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Chartered Insurance Institute
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Women in the office of yesteryear

In our  previous post we saw how during the second half of the 19th century insurance companies began to employ middle-class young women to process their expanding workload whilst cutting down their salary expenses. In this article we will look at  the challenges that women faced upon first entering the insurance profession as paid office workers.

Find out: 

  • What kind of jobs they did and in what conditions
  • How they were viewed by their male counterparts
  • The challenges of going against the Victorian gender roles 

Since the 1870s until well into the 20th century, women were employed exclusively in clerical roles of repetitive nature such as copying letters and filling in forms. Male clerks initially feared for their jobs, but as the Director of The Prudential put it in 1874, three years after the first female clerks were employed: "[female clerks] would not in any way prevent a fair development of male clerks. There had been an unusually large number of male clerks appointed last year, and the lady clerks were doing a class of work that they could not get satisfactorily done by the male clerks"  (Anderson, 1989). 

Employing women, who were obliged to leave work on marriage, had actually the opposite effect: it allowed boy clerks to climb the ladder whilst maintaining a much needed cheap workforce focusing just on menial tasks.

Women worked long days having to meet strict production quotas and kept completely segregated from men. 

These types of tasks were demanding: for example at the London, Edinburgh & Glasgow women had to work long days at high desks and sit on uncomfortable stools, having to meet strict production quotas whilst closely supervised by a senior clerk who would penalised them even if arriving only a few minutes late. Working hours were from Monday to Friday from 10 to 5 with half hour lunch (provided by the company), and Saturdays from 9 to 1. The Prudential was slightly better as it provided an hour lunch break, cane seated chairs and a library with over 300 volumes providing reading material for its staff (Anderson, 1989).

Etiquette demanded women worked in departments separate from men  - although this wasn't the case for all trades, segregation was strictly observed by the insurance employers. Female insurance clerks entered and left the building where they worked through a dedicated entrance and worked different hours than men, keeping them from seeing and being seen by their male counterparts. This arrangement made it easier for employers to keep them focused on dull work.  

Clothes where a concern too, as the Secretary of Country Fire put it in July 1916:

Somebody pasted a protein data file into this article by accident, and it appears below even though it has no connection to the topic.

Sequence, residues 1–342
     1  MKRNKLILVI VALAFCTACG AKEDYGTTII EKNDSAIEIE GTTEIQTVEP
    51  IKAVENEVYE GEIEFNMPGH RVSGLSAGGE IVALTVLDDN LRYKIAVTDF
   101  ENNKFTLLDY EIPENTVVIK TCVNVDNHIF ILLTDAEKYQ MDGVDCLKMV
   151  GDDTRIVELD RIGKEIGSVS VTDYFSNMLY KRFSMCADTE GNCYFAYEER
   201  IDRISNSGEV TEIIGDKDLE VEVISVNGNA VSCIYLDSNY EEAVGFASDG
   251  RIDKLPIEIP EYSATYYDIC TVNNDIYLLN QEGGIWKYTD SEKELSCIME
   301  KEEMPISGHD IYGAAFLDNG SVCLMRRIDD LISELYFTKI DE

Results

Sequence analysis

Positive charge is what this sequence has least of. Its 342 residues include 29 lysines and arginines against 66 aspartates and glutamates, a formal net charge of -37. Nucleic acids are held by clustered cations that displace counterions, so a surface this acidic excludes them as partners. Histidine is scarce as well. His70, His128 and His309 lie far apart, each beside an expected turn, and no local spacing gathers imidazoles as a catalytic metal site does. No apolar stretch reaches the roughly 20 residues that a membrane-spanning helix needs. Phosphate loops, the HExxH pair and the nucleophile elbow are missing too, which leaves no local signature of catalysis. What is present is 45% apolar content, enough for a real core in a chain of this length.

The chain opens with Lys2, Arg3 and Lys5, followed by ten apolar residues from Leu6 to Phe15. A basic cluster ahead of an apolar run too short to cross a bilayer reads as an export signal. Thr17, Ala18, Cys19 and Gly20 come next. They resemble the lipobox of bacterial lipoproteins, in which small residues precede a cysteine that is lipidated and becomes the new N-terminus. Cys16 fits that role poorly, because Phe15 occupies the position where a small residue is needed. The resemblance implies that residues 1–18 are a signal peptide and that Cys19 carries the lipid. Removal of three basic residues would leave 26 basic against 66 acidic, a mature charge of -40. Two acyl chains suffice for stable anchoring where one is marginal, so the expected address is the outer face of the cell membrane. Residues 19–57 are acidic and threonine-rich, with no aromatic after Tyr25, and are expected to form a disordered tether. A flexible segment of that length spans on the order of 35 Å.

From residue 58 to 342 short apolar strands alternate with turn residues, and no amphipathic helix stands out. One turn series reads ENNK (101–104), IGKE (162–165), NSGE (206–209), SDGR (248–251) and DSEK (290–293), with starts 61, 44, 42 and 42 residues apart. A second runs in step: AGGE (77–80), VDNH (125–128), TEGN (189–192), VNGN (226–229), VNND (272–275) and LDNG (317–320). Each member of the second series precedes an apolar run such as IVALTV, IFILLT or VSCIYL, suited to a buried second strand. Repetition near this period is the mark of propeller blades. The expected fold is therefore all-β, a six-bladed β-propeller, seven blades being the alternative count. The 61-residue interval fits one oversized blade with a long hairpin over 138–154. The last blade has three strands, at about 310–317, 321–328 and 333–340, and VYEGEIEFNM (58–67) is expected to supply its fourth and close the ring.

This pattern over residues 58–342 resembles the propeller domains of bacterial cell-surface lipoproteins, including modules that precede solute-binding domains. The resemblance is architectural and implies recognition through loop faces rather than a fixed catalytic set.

"The Secretary trusts that the young ladies engaged in the Office will not take it a miss if he suggests the desirability of adopting as far as possible uniformity in their attire as being more business-like and in keeping with the appearance of officials in a public office. A dark skirt with blouse (black or white in preference) is the proper costume and superfluous jewellery is out of place" (Cockerell, 1980)  

Many employers adopted the solution of supplying overalls often in dark blue or green, as you can see in the image below: 

1918 General Accident Swansea Branch Ladies Wearing Gowns . AVIVA.

1918 - General Accident Swansea branch. Women wearing gowns to cover their attire in order to avoid 'distractions'. 

But women choosing to go into employment had to work against another type of hindrance: challenging the Victorian notion of gender roles. The domestic ideology which divided society into the public and private spheres, dictated that men go out to work, make money and support their families, while women were to stay at home, creating a haven for themselves and their children and for their husbands to return to.

Women choosing to work had to not only accept fewer opportunities than men, but also challenge the Victorian notion of gender roles. 

So, even though women had always worked - as spinners, dressmakers, embroiderers, in addition to housekeeping and child rearing - these activities were performed out of sight of society, in the privacy of the home.

The controversy arose from the public appearance of wage-earning working women in male dominated environments and from the assumption about the inherent nature and function of women in society: marriage and motherhood.

Office work was seen as unfeminine, to the point where middle-class families felt embarrassed by their female relatives working and earning like a man. 


  • A sense of security: 150 years of Prudential. Laurie Dennett. London: Granta Editions, 1998.
  • The white blouse revolution: female office workers since 1870. Gregory Anderson (ed.). Manchester: Manchester University Press, 1989.
  • Women in England 1769-1914: a social history. Susie Steinbach. Phoenix, 2005.
  • 'Women in insurance' by Hugh Cockerell, in CII Journal. London: CII, 1980.

About the Blog

This blog post is part of a series of articles in which we will explore both the roles played by women working within the insurance profession and the evolving attitudes towards them since the late Edwardian era. In the next article we will look at the role of working women during the World Wars. 


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